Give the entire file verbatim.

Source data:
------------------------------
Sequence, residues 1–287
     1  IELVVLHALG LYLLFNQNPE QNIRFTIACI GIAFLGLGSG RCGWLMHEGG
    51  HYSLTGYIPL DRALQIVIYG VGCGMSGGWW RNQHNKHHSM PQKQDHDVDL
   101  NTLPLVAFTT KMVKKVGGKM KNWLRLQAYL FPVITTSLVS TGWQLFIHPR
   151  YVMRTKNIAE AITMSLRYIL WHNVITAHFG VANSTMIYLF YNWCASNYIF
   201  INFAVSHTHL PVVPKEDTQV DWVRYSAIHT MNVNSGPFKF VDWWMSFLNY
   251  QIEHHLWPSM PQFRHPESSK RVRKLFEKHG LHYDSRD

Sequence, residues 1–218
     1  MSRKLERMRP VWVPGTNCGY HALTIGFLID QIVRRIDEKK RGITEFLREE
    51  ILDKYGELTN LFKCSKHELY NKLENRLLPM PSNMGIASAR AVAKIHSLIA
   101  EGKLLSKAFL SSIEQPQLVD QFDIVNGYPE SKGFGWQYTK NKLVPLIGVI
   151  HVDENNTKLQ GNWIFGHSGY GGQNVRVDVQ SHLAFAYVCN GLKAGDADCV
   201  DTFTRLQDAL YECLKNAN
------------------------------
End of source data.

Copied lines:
Sequence, residues 1–287
     1  IELVVLHALG LYLLFNQNPE QNIRFTIACI GIAFLGLGSG RCGWLMHEGG
    51  HYSLTGYIPL DRALQIVIYG VGCGMSGGWW RNQHNKHHSM PQKQDHDVDL
   101  NTLPLVAFTT KMVKKVGGKM KNWLRLQAYL FPVITTSLVS TGWQLFIHPR
   151  YVMRTKNIAE AITMSLRYIL WHNVITAHFG VANSTMIYLF YNWCASNYIF
   201  INFAVSHTHL PVVPKEDTQV DWVRYSAIHT MNVNSGPFKF VDWWMSFLNY
   251  QIEHHLWPSM PQFRHPESSK RVRKLFEKHG LHYDSRD

Sequence, residues 1–218
     1  MSRKLERMRP VWVPGTNCGY HALTIGFLID QIVRRIDEKK RGITEFLREE
    51  ILDKYGELTN LFKCSKHELY NKLENRLLPM PSNMGIASAR AVAKIHSLIA
   101  EGKLLSKAFL SSIEQPQLVD QFDIVNGYPE SKGFGWQYTK NKLVPLIGVI
   151  HVDENNTKLQ GNWIFGHSGY GGQNVRVDVQ SHLAFAYVCN GLKAGDADCV
   201  DTFTRLQDAL YECLKNAN